And Neville and Hannah - where’s the support for that? Was there any hint in the text about them at all? No, so it becomes almost like gossip, not storytelling. J.K. Rowling toured America gossiping about her characters. I bet a few of them, not the least being Dumbledore, would have liked for her to put a sock in it.

Now we see she is narrow-minded toward something she calls “American fundamentalists.” But she does not define her terms - is she talking about Calvinist Baptists or Evangelical Armenian or what? Isn’t it a stereotype of religious Americans and somehow the British are so much more enlightened? If I were to walk into a Baptist meeting I’d be anything but a fundie - I’m sure they’d find me a progressively liberal. But if I were to attend one my own home denomination, Episcopalian, meeting I’m sure they’d be quick to call me a fundie because I’m not unitarian and I call Jesus by His first name. Jo Rowlings sweeping generalities tells us she doesn’t know America very well and her bias toward her own nation shows. She’s the enlightened one and we’re a bunch of right wing nuts. Maybe she’s trying to be funny.

It was way more fun to discuss her books before she started to explain them to us. I know the temptation must have been great - who knows, perhaps the temptation is great for Dylan sometimes. But his music is strengthened by his silence and perhaps this would be a good time for Jo to get thoughtful and reflect that maybe Harry doesn’t belong to her anymore, that he let her into his life for a spell and now he’s moved on and she’s now like the rest of us, trying to figure out what it all means.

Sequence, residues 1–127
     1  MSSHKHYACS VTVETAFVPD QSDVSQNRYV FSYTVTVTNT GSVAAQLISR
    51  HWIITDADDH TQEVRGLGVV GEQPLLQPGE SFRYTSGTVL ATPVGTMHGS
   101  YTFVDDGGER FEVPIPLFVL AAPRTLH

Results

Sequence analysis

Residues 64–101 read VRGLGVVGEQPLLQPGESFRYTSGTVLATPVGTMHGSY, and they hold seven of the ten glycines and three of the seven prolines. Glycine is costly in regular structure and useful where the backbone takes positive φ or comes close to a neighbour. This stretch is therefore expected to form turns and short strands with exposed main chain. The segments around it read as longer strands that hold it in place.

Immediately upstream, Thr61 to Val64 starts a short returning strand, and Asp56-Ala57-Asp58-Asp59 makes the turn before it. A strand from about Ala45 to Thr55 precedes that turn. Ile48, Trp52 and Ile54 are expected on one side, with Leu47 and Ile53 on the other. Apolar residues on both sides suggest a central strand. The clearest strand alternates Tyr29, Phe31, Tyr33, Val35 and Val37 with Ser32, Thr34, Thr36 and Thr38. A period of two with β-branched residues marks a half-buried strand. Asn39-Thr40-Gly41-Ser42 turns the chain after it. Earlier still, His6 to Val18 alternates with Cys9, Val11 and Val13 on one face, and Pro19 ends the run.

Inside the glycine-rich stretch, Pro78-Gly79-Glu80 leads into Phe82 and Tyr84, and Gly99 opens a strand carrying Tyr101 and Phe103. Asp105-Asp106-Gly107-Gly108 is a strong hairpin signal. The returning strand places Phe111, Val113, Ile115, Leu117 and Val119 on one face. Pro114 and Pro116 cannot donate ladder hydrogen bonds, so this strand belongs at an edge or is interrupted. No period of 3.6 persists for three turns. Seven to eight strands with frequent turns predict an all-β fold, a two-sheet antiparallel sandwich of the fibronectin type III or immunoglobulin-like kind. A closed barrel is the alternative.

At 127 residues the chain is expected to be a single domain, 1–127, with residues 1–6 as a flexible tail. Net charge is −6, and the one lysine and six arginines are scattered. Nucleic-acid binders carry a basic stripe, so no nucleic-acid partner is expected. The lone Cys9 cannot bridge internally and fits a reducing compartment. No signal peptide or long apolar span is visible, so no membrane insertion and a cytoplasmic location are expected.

ZR (my HP post name)


Thanks for the comments, friends - I appreciate it more than I can say that I could post that reflection and get such great comments! And I admit I’d love to read Tolkien’s letters - but again, I might maintain that a work must be able to stand on its own and the author also stands in the shadows and in no longer the oracle - but that may be the fruits over my own rebellion regarding the creative writing workshops that go gaga over authors. A book is a book except when it’s a ego-driven self indulgence. Authors are terrible about figuring out when that happens until it’s almost too late or - like Dylan - they crash.

But I seriously doubt that happened to Tolkien, it was indeed how the letters were used to interpret the text and I still find that troubling. If an author has more to say, write more story. A story takes on a life of its own and can suddenly surprise the author. Jo Rowling is into her “plan” and no one can say it doesn’t work. But at some point, if her work is great (and I think it is) she has to step aside and give it away. Perhaps what we saw was a public process of her doing that.

You all have given me more stuff to think about! Thank you! I do quarrel however on calling Rossetti’s masterpiece and “infernal parody.” I saw the original at the Tate in London (I didn’t realize it’s in Chicago now - are you sure that’s the original?) and it was extraordinary. Here it is: http://www.rossettiarchive.org/img/s168.jpg

Rossetti was a troubled man, one of the great PreRaphaelites. Again, there is much in the Potter series that lends itself to PreRaphaelite paintings. But the one of “Beatrice” based on the likeness of Rossetti’s late wife (who died I believe from an opium - a toxic potion if there ever was one - overdose) is very Lily-like. And notice the two figures in the background - one is Dante and one is Rossetti himself. We know of another Rossetti/Dante-like character who also lurked in the background and probably knew much of the turmoil those men knew in their art.

From the PreRaphelites to the Beats we see similar themes of the suffering hero who meets a tragic end, a gothic view of sin - certainly not themes of sweetness and light but the peril of the mortal soul. I must read John’s post on Dante before the weekend.


From here.